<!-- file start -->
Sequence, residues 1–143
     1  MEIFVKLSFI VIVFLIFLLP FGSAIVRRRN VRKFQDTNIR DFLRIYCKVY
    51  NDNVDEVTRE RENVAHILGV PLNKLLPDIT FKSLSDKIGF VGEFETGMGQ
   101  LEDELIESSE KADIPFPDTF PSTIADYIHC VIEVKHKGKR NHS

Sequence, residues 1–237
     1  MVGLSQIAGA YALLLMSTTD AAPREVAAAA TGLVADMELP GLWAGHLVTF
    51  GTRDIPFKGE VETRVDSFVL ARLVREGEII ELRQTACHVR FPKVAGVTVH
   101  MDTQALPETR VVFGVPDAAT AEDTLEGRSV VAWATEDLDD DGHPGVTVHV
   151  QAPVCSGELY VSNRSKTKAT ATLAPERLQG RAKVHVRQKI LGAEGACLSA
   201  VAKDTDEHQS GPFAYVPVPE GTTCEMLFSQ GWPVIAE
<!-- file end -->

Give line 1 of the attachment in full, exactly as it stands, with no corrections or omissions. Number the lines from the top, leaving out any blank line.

Sequence, residues 1–143